“A desire to see historically oppressed groups gain access to the tools necessary to create equity and advancement in order to live a life free of suffering,” is what drives Daisy daily to persevere in what she does. It’s her WHY.
“Currently expanding the work I am doing with Blockchain for Social Justice to develop programs and platforms to educate, uplift and inspire underserved communities. I recently hosted a conference to support these communities in learning about blockchain and accessing cryptocurrency. It was an amazing turnout and now we have a whole set of community leaders that can further the education and message. I have also used my success to create a healthcare centre in Oakland that provides free services to those without insurance! We are working on a blockchain project as well that will help marginalized communities improve their health conditions on an individual and collective level. I am also advising amazing projects such as Bridgit which is a more advanced search engine and Teachur, a platform to promote decentralized access to higher education.”
It’s not how far but how well. What would you like to be remembered for? Daisy’s answer to this is that she “would like to leave a legacy of empowerment, healing, and liberation on this planet. I want to be used as a vessel to help others see the power they have to make changes in themselves and their world. I want folks to remember me as someone who was honourable yet down to earth and graceful. Someone who was passionate enough to channel my energy into supporting humanity, not just myself.”
Daisy is a bundle of energy, I almost find it difficult to picture her in a calm yoga pose. When I asked what her hobbies were, I was expecting, you know, activities like fencing, skydiving and any of the other ‘-ing’ activities. Imagine my awe when she answers: “I like to learn about holistic and indigenous cultural practices as well as reading, spending time in nature and doing art.”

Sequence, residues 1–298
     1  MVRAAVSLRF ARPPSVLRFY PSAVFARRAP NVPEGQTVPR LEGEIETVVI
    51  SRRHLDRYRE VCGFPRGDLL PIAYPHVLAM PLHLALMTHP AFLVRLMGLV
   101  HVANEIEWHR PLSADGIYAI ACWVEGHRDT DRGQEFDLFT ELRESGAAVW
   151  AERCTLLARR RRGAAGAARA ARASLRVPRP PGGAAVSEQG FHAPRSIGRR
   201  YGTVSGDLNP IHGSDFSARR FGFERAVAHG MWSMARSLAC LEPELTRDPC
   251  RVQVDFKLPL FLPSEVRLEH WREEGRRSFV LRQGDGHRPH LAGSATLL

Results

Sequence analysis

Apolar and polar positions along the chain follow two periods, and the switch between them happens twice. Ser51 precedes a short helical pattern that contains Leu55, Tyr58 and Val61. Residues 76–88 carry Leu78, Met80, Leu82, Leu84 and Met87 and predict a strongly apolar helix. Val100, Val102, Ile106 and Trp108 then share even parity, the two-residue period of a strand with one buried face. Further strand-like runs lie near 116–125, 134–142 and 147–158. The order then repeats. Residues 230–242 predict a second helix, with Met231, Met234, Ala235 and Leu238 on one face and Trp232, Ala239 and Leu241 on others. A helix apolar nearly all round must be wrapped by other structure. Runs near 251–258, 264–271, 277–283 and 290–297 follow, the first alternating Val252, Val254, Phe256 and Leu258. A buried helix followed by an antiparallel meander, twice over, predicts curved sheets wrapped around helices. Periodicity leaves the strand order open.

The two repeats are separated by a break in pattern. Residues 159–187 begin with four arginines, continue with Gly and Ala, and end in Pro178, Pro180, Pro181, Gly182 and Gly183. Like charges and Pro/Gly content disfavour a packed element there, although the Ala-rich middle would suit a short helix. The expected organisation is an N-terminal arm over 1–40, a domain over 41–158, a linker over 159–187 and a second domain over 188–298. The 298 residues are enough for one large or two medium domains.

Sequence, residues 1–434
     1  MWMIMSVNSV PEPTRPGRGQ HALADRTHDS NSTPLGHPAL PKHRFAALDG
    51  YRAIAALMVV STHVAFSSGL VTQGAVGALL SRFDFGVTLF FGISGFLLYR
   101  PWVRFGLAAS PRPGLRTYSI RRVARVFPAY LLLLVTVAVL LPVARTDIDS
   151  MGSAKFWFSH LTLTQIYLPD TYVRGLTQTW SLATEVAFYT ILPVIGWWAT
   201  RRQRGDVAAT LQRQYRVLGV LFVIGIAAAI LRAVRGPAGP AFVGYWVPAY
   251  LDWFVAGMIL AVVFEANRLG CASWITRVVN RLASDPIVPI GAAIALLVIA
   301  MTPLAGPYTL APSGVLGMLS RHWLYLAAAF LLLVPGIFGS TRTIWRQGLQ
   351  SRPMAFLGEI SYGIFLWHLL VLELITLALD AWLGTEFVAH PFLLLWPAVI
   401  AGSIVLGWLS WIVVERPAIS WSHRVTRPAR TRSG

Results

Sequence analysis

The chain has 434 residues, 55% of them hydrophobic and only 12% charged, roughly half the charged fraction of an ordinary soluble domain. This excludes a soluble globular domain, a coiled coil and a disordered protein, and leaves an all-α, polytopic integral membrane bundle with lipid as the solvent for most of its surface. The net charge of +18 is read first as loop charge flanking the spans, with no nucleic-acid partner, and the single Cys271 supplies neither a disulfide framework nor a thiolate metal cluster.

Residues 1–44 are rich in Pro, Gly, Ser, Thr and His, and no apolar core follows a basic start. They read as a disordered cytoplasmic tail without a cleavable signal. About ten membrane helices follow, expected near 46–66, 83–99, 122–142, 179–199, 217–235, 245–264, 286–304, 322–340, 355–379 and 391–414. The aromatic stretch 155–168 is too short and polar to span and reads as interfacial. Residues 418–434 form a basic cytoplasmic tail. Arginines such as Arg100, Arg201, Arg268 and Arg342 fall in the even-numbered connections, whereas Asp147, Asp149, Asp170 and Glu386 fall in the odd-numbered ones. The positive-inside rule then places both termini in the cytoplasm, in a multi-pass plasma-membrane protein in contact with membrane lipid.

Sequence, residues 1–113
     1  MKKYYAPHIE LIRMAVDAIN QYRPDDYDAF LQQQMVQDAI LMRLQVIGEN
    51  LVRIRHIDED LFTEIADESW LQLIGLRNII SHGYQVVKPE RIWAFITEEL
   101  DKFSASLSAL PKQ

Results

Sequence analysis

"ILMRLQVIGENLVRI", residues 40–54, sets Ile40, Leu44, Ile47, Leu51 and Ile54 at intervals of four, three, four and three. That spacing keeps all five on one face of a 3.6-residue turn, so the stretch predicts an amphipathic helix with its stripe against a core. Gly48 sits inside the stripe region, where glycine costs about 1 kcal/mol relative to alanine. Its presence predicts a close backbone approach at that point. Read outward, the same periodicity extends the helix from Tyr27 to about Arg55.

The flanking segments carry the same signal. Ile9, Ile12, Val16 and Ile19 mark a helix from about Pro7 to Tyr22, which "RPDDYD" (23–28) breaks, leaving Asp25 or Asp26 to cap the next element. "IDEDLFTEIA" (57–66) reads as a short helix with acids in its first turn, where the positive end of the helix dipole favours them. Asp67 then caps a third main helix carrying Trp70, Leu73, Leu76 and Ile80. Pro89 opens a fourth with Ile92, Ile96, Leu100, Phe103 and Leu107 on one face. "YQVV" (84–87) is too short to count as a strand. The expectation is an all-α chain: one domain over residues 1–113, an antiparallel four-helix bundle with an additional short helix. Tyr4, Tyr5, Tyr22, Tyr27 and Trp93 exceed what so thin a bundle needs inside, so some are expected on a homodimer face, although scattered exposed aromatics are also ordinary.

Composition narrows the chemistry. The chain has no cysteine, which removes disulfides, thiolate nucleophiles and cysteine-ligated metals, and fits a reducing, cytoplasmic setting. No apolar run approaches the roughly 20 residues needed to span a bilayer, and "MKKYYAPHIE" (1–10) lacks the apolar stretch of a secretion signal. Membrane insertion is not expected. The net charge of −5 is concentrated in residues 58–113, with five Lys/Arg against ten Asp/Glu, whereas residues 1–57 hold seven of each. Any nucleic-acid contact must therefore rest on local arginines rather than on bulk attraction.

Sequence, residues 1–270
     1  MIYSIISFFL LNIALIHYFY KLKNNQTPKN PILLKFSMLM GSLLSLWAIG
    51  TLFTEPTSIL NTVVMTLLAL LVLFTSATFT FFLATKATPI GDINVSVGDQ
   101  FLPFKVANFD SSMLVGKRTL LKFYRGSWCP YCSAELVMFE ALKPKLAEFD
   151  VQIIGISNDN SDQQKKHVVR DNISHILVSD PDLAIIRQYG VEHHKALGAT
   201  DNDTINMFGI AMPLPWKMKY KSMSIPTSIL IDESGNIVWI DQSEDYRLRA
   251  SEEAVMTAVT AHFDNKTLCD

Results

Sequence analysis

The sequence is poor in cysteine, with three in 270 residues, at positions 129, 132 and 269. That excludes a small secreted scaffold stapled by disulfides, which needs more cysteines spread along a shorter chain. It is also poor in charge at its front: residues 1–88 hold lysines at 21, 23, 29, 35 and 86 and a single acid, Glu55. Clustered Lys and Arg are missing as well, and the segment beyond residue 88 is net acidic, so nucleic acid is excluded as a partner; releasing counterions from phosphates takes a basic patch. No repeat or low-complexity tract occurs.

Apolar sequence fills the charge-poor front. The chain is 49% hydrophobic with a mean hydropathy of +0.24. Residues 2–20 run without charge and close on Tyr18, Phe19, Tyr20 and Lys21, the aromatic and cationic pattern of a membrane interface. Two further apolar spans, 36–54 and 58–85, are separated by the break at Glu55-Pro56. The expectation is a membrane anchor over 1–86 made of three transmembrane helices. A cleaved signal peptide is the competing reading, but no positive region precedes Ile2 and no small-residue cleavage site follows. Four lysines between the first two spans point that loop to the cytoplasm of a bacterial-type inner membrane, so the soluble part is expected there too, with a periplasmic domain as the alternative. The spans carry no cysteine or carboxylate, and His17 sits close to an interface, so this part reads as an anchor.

LinkedIn, Forbes, Hackernoon, and TechCrunch are just among the few who have reported about the increase in the demand for blockchain related jobs. Daisy has three words of advice for people looking to launch a blockchain career. Her first one is especially for people of colour. “I would say, first, don’t let anyone define you or your ideas “If I didn’t define myself for myself, they would kill me and say I enjoyed it” (Zora Neal Hurston quote.) Second, please do self-care. That means mental health, good nutrition, exercise, and spiritual growth. Couldn’t get to where I am at without it! Lastly, find a group of good people with strong ethics and morals.”
Following her own advice, Daisy has a handful of people she draws support from, both online and offline. “From the moment I stepped into the blockchain ecosystem, Olayinka Odeniran, Telly Onu, Faith Obafemi, Corey Harris, Lindsay Nuon, and Ari Eisenstat have helped and supported me every step of the way. From supporting my vision and helping me focus on my goals, to connecting me with people who wanted to co-create a movement to support the development of blockchain projects that truly support and impact the most marginalized.”
Flashback to the first paragraph, we tried to draw a connection between blockchain and social justice. Daisy shares why blockchain is important in her work. “Blockchain is important to my work because it allows for me to develop systems and platforms autonomously and that have my principles of equity infused.” Although, “In the states, a lot of people are asleep to the impact blockchain can have. The general uptake is that it is a scam which is a missed opportunity.” She goes further to say that in the US at the moment, the government’s support for blockchain and cryptocurrencies is uncertain and yet to be determined.
If you have some interests in social justice, you can reach out to Daisy Ozim on LinkedIn to learn more about her work or support her.